Furthermore, as sea ice meltwater is similar to freshwater, with lower total alkalinity (TA) and dissolved inorganic carbon (DIC) levels than those of seawater or river water, the meltwater input dilutes seawater, decreases TA and CO32– (a form of DIC)concentrations, and consequently reduces Ω aragonite. The aragonite-undersaturated waters (Ω<1)in the Canada Basin also showed lower TA levels, suggesting a strong influence of sea ice melt on the decrease of Ω.

Aragonite undersaturation (Ω<1) has been observed in waters near coasts or continental shelf breaks where upwelling or river waters have a strong influence on water profiles. The Canada Basin is the first deep basin with an extensive distribution of low Ω aragonite (Ω<1). The research revealed that the undersaturation was caused by the ocean acidification coupled with increased melting of sea ice, making this Arctic basin the first aragonite undersaturated ocean in the world.

Future perspectives

JAMSTEC researchers conducted field experiments on board the Research Vessel Mirai in the western part of the Canada Basin, from September to October 2009. Dr. Michiyo Yamamoto-Kawai, IOS/DFO researcher and associate researcher of JAMSTEC, joined this mission and confirmed that the aragonite undersaturation (Ω<1) was also spreading across the western part of the Canada Basin (Fig. 2).

Simulation models predict that the Arctic Ocean will be free of sea ice in summer by the middle of this century. The retreat of sea ice is expected to further accelerate and affect the environment in various ways. JAMSTEC research team assumes that the decrease in Ω will continue until no sea ice is left in the Arctic Ocean.

Although the possible impact of decreased Ω and aragonite-undersaturation on the ecosystem is not fully understood, laboratory experiments on marine biota in an elevated CO2 environment show that changes in Ω would cause substantial changes in aragonite-structured Arctic organisms including Limacina helicina (the only prey of Clione limacine). Scientists anticipate how the low Ω aragonite (Ω<1) induced by ocean acidification and sea ice melt will affect the population and distribution of these organisms, and how such changes will affect the food chain and eventually the entire Arctic marine ecosystem. The surface waters of the Canada Basin are known to flow out into the Atlantic Ocean over a time span of 10 years. The changes in Ω aragonite occurring in the Canada Basin could be seen in the future Atlantic waters.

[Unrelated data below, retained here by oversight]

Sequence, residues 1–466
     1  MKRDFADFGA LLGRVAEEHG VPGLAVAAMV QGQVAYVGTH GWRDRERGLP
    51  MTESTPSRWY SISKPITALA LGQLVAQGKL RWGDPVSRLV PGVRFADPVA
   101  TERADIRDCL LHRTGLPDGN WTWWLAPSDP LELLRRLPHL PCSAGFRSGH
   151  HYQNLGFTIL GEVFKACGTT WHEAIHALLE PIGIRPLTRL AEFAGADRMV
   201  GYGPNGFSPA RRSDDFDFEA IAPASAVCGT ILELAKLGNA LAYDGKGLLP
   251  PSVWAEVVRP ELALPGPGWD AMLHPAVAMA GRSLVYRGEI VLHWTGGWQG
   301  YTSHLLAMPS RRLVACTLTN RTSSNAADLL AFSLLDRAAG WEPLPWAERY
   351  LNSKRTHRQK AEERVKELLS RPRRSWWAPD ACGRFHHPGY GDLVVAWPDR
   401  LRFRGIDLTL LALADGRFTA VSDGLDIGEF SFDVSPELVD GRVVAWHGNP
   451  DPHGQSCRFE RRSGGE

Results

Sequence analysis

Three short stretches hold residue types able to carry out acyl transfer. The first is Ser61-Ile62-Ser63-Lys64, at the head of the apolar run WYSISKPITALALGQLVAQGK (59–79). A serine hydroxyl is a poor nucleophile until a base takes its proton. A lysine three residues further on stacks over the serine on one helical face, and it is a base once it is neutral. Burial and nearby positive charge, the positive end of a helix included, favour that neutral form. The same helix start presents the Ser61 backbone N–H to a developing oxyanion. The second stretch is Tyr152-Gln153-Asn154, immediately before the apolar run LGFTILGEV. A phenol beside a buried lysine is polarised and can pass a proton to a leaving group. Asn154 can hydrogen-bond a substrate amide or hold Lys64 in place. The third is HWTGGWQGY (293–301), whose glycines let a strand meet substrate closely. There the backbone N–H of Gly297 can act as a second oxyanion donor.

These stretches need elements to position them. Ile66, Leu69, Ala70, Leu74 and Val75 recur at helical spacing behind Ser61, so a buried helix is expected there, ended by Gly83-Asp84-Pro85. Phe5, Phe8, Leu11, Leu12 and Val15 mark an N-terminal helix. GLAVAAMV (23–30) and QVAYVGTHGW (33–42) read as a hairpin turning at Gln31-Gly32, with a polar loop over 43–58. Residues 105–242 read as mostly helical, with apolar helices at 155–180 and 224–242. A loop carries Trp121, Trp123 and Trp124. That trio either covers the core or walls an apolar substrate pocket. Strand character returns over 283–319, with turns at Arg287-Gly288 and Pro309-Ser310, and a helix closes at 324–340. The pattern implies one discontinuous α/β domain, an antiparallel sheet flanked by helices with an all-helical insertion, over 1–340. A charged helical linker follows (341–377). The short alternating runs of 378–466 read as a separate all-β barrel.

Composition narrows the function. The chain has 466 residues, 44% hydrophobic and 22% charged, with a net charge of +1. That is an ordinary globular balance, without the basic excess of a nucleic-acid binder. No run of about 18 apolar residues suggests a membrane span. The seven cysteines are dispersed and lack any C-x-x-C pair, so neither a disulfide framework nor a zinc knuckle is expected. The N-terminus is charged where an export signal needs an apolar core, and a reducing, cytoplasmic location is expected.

To better understand the ongoing changes in the Arctic Ocean, continued and integrated observations should be conducted to carefully analyze the impact. Such research activities will lead to an improved understanding of the Arctic climate system, and offer new insight into Arctic climate variations and corresponding ecosystem changes.

*1. Aragonite is a relatively soluble form of calcium carbonate found in plankton and invertebrates. Coral skeleton is also made of aragonite.

*2 . Oxygen isotope ratio
A stable isotope ratio of oxygen in water. Oxygen has three stable isotopes (16O = 99.763%, 17O = 0.0375%, 18O = 0.1995%). Relatively heavy 18O is contained more in seawater and sea ice than in rainfall and river waters. The origin of freshwater therefore can be determined by the isotope ratio.

*3. Total alkalinity (TA)
Total alkalinity is the total electric charge to neutralize acids. In seawater, TA is expressed as a total electric charge of bicarbonate ions (HCO3-) and carbonate ions (CO32–).

*4. Dissolve inorganic carbon
A term referring to inorganic carbon species in a solution. DIC species in seawater include carbon dioxide (CO2), carbonic acid (H2CO3), bicarbonate ion (HCO3-), and carbonate ion (CO32–).

Fig. 1. Distributions of salinity, fraction of sea ice meltwater (f SIM), Ω aragonite, and TA in surface water (0 - 20 m) in the Canada Basin of the Arctic Ocean. The upper panels show the results from the data of 1997, and the lower panels show the results from the data of 2008. Gray contour lines indicate isobaths of 1000, 2000, and 3000 m. The figure illustrates the increase in f SIM, and the decrease in salinity, TA and Ω aragonite (from supersaturation to undersaturation).

Fig. 2. Surface distributions of salinity and Ωaragonite observed in the 2009 Arctic Ocean cruise by R/V Mirai. The black dots show observation stations and the thick black line shows the aragonite saturation level Ω=1. Decreases in salinity and Ωaragonite are observed in the western Canada Basin.


Japan Agency for Marine-Earth Science and Technology
(For the research)
Takashi Kikuchi, Team Leader
Shigeto Nishino, Research Scientist
Arctic Ocean Climate System Research Team
Northern Hemisphere Cryosphere Program
Research Institute for Global Change (RIGC)
Michiyo Yamamoto-Kawai
Institute of Ocean Sciences
Department of Fisheries and Oceans Canada
(For Publication)
Toru Nakamura, email:
Manager, Planning Department Press Office
Tel: 046-867-9193